Overall I’m in agreement with Sole-Smith’s perspective on workout selfies. I don’t think they are needed very often. I love being in supportive movement-specific groups and that is where I expect to see, and sometimes share my own, movement updates or sweaty selfies. And I’m not here to tell anyone else what they can or should post on their social media accounts. We’re all different and we all enjoying posting and viewing different types of things. But I think it is worth some self-reflection to understand why we are or are not posting that workout selfie, what the goal is for sharing, and how it might be received.

Amy Smith is a professor of Media & Communication and a communication consultant who lives north of Boston. Her research interests include gender communication and community building. Amy spends her movement time riding the basement bicycle to nowhere, walking her two dogs, and waiting for it to get warm enough for outdoor swimming in New England.

fitness · fun


“Time for some bush-bashing! Don’t worry, it’s less than a two.”

This is what my friend said as we peered into a steep incline of densely grown trees and shrubs off the side of a highway near Halifax, Nova Scotia. She meant that the difficulty of finding the oldest geocache in Canada was considered to be “relatively easy” (within 30 minutes) and “along well-defined paths with no significant elevation change or overgrowth,” as per the standardized geocache rating system.

“Where is the well-defined path?” I asked.

My friend smiled. “It’s a joke among geocachers that you find the path to the cache on the way out.” Then, she disappeared into the bushes.

About Geocaching

An open cache cannister with a Travel Bug and a trinket on a rock.
An open cache cannister with a Travel Bug and a trinket on a rock.

My friend “Alispice” (her geocacher name) uses a GPS and/or mobile device to find hidden containers called geocaches at various outdoor locations. Since global positioning technology first became available to the public after May 2, 2000, (a.k.a. Big Blue Switch Day), there are over 3 million geocaches around the world. A free and family-friendly activity, geocaching offers a combination of treasure hunt, recreational activity, and exercise.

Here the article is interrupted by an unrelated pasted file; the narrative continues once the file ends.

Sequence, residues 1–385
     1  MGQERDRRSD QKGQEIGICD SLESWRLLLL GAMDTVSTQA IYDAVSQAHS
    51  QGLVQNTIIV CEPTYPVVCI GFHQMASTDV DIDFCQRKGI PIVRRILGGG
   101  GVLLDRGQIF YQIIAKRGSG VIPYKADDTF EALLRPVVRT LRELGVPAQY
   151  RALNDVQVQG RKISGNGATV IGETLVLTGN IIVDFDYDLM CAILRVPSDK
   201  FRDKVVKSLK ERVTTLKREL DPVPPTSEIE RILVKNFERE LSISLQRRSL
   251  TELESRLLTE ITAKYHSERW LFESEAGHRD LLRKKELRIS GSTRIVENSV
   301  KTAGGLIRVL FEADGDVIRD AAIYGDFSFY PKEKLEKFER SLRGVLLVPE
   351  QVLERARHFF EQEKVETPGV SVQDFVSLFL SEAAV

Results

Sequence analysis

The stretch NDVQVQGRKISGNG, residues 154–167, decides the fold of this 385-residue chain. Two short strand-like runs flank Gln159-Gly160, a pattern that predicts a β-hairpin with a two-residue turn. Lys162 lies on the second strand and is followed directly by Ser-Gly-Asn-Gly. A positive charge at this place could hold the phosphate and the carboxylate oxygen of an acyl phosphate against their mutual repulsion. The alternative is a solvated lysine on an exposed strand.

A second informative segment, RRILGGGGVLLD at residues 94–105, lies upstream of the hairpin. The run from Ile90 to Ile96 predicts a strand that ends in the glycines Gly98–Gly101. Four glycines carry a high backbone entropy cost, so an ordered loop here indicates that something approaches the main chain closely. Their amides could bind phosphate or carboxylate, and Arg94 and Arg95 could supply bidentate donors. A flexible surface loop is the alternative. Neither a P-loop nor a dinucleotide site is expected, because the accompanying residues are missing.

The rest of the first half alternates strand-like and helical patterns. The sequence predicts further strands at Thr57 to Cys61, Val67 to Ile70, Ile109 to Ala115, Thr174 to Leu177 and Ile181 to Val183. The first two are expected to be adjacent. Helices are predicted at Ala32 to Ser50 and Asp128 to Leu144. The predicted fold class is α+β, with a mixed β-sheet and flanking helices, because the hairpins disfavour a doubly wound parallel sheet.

Caches are hidden everywhere. It’s likely there is one of over 20 different types of caches within 161 metres of you right now. A geocacher places a cache, shares location information and maybe a hint, then other geocachers search for and log the cache when they find it.

Alispice holds a micro cache found in Halifax, NA. She's good at finding very small things. Used with permission.
Alispice holds a micro cache. She’s good at finding very small things.

The more caches you find (especially the ones that are hard to get to), the higher you rise in the geocacher rankings. Geocaching apps are used to track global rankings, personal stats, and other information, such as progress on “challenges” that involve finding multiple caches according to specific criteria.

A Crash Course in Caching

I learned about geocaching during a short holiday with Alispice in Nova Scotia. It’s not all “bush-bashing.” We found caches on the downtown Halifax harbour front, in the nearby town of Dartmouth, and on the rocky shale and sandstone of Peggy’s Cove on the Chebucto Penninsula.

A picture of a large cache logbook, with entries from 2006.
A large cache logbook, with entries on the page from 2006.

It was a delight for me to pause on the discovery of a cache, read the names of those who signed the log before us, and ponder over the trinkets that are sometimes left in the containers. While I was musing, Alispice got promptly back on her device for the next cache. As of this post date, her highest number of caches in one day is 172.

For some, geocaching can be a hobby and a lifestyle. Because caches are everywhere, I suspect that seasoned geocachers like Alispice have to make a concerted mental effort to stop thinking about finding caches when they are going about their daily lives.

I also learned that caches can draw attention to special places. For instance, there were a few simple caches at the Africville museum and park. As we walked around and read the information plaques in the park, Alispice explained that the caches there may have been set up to attract geocachers visiting Halifax who would not otherwise know about the history of this mostly Black Canadian community.

What Geocachers Do (and Do Not Do)